Core Scientific shares fall 4% after Q4 2023 results report revenue drop


Crypto mining firm Core Scientific (CORZ) reported a fall in year-on-year revenues in its Q4 2023 results and a significant reduction in net losses, with its shares falling 4% in after-hours trading.

In a March 12 earnings release, Core Scientific said its last year’s total revenue was $502.4 million, a decrease of $137.9 million from $640 million in 2022.

The yearly revenue drop came from the company leaving the mining rig sales business and an increase in the global Bitcoin hash rate in 2023, it said.

Its fourth-quarter 2023net revenue was $141.9 million, an increase of $20.7 million from Q4 2022. 

Additionally, the firm reported a significant improvement in yearly net losses at just $246.5 million for 2023, down from a $2.14 billion net loss in 2022. In Q4 2023, net losses totaled $195.7 million, narrowing from $434.9 million in Q4 2022.  

Core Scientific was relisted on the NASDAQ on Jan. 23 after emerging from a bankruptcy crisis and a 13-month restructuring process to resolve $400 million in debt caused by declining Bitcoin (BTC) prices, rising energy costs, and debt tied to the bankrupt crypto lender Celsius.

The company reported it mined a total of 13,762 BTC last year, the largest amount mined by any publicly traded mining firm in the United States.

Core Scientific mined a total of 13,762 Bitcoin in 2023. Source: Core Scientific

Core Scientific saw a nearly 4.6% drop on March 12, ending the day at $3.54 a share.

That drop continued in after-hours trading, falling an additional nearly 4% to around $3.40, according to Google Finance.

CORZ saw a brief after-hours trading drop to just above $3 but quickly recovered. Source: Google Finance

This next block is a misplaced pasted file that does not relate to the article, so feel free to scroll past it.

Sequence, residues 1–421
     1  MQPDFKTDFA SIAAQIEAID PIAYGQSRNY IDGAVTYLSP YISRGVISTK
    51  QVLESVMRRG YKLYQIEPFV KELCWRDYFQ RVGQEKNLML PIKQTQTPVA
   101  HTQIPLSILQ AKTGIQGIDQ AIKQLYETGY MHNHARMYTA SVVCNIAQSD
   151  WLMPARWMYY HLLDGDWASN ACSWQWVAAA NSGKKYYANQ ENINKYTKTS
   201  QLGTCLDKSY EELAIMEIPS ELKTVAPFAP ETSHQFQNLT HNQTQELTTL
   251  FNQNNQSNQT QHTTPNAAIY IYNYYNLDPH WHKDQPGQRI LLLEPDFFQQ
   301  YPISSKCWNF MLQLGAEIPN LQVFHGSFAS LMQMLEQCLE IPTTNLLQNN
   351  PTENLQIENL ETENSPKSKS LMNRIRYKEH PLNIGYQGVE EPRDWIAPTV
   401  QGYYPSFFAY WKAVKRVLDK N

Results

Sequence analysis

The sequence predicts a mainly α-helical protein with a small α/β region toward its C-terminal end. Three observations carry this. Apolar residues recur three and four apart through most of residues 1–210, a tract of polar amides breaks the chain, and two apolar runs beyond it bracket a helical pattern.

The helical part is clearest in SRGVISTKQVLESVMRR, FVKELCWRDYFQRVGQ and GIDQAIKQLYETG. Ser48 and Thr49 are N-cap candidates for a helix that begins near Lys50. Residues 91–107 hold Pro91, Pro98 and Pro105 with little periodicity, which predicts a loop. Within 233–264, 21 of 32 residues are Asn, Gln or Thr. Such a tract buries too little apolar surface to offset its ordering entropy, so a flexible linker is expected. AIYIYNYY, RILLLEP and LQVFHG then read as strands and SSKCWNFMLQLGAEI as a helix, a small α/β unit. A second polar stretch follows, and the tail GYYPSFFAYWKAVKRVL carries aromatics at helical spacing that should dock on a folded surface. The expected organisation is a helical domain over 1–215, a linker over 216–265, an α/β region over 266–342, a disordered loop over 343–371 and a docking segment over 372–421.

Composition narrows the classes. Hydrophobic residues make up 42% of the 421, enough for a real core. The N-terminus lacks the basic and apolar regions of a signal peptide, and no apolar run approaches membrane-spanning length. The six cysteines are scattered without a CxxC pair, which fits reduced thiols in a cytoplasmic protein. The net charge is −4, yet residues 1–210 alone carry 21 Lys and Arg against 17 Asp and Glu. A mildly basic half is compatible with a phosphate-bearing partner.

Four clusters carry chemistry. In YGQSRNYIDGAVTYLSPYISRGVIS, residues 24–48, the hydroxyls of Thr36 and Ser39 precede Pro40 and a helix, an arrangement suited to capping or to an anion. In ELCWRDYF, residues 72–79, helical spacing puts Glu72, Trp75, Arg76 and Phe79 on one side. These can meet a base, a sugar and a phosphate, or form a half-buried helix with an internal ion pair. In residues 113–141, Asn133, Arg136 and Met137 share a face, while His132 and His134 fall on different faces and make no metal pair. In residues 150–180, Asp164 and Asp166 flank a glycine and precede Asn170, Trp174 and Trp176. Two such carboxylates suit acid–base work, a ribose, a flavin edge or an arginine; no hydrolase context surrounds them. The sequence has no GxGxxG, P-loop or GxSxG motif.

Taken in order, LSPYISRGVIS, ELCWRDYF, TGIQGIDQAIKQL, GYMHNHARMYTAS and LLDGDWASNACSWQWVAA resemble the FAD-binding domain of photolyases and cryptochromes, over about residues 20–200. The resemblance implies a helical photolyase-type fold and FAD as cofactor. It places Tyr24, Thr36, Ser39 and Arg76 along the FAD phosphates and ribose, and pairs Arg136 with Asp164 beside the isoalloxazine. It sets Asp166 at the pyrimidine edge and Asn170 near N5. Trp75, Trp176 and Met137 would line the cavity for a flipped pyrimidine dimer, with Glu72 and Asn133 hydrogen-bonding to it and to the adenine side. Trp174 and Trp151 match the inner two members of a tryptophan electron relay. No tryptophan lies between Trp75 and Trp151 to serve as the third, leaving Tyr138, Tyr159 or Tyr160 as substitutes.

A Core Scientific spokesperson told Cointelegraph the miner wasn’t overly concerned by the market’s tepid response to its Q4 earnings and pointed to dampened price action across the board for publicly traded Bitcoin miners over the past few weeks.

Shares in the largest publicly traded Bitcoin miner Marathon Digital (MARA) have tumbled 21% over the last month, while rival miner Riot Blockchain (RIOT) has fallen 25% within the same time.

Bitcoin miner investors fearful of halving 

Blockware Solutions’ head analyst Mitchell Askew told Cointelegraph on March 1 that the “most logical” explanation for tumbling miner share prices came from investors growing wary of deploying capital into the firms before the Bitcoin halving — an event that slashes the rewards paid to miners in half.

On Jan. 26, Cantor Fitzgerald released a report outlining that several Bitcoin mining firms may struggle to stay in profit following the Bitcoin halving. At the time of the report, Bitcoin traded for roughly $40,000.

Related: Bitcoin’s rally to $72K took miner revenues to record highs

At Bitcoin’s current price of $72,000, none of the firms listed in the report will be in the red following the halving — assuming no significant change in hash rate and that the price of Bitcoin holds above $62,000 after the halving slated for late April.

Cantor Fitzgerald calculated the price of Bitcoin required for miner profitability in January. Source: Cantor Fitzgerald

Core Scientific’s spokesperson claimed it was “well positioned heading into the halving,” adding it had been updating mining rigs with new Bitmain S21 models and was focusing on increasing its hash rate utilization as time went on.

Several analysts have flipped bullish on Core Scientific, reflecting a wider trend of renewed market appetite for crypto mining companies following the drastic uptick in BTC and other cryptocurrencies in recent months.

Capital market firm HC Wainright upgraded their rating of CORZ from “neutral” to “buy” in an investment note on Jan. 25.

Investment banking research firm Compass Point also upgraded their CORZ rating from “neutral” to “buy” and set a price target of $8.50 on Jan. 31, per MarketBeat data.

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